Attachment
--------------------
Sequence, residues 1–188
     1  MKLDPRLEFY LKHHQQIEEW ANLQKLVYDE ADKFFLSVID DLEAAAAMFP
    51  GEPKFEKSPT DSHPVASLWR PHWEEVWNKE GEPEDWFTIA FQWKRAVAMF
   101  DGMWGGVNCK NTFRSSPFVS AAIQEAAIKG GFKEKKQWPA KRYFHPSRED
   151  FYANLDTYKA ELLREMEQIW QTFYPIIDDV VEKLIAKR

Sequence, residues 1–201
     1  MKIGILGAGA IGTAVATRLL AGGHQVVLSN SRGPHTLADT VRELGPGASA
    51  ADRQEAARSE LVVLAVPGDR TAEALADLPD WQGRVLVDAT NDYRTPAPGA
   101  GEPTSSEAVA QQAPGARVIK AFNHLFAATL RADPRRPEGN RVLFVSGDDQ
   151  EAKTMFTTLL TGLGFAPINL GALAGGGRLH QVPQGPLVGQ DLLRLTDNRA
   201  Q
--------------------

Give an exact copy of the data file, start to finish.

Sequence, residues 1–188
     1  MKLDPRLEFY LKHHQQIEEW ANLQKLVYDE ADKFFLSVID DLEAAAAMFP
    51  GEPKFEKSPT DSHPVASLWR PHWEEVWNKE GEPEDWFTIA FQWKRAVAMF
   101  DGMWGGVNCK NTFRSSPFVS AAIQEAAIKG GFKEKKQWPA KRYFHPSRED
   151  FYANLDTYKA ELLREMEQIW QTFYPIIDDV VEKLIAKR

Sequence, residues 1–201
     1  MKIGILGAGA IGTAVATRLL AGGHQVVLSN SRGPHTLADT VRELGPGASA
    51  ADRQEAARSE LVVLAVPGDR TAEALADLPD WQGRVLVDAT NDYRTPAPGA
   101  GEPTSSEAVA QQAPGARVIK AFNHLFAATL RADPRRPEGN RVLFVSGDDQ
   151  EAKTMFTTLL TGLGFAPINL GALAGGGRLH QVPQGPLVGQ DLLRLTDNRA
   201  Q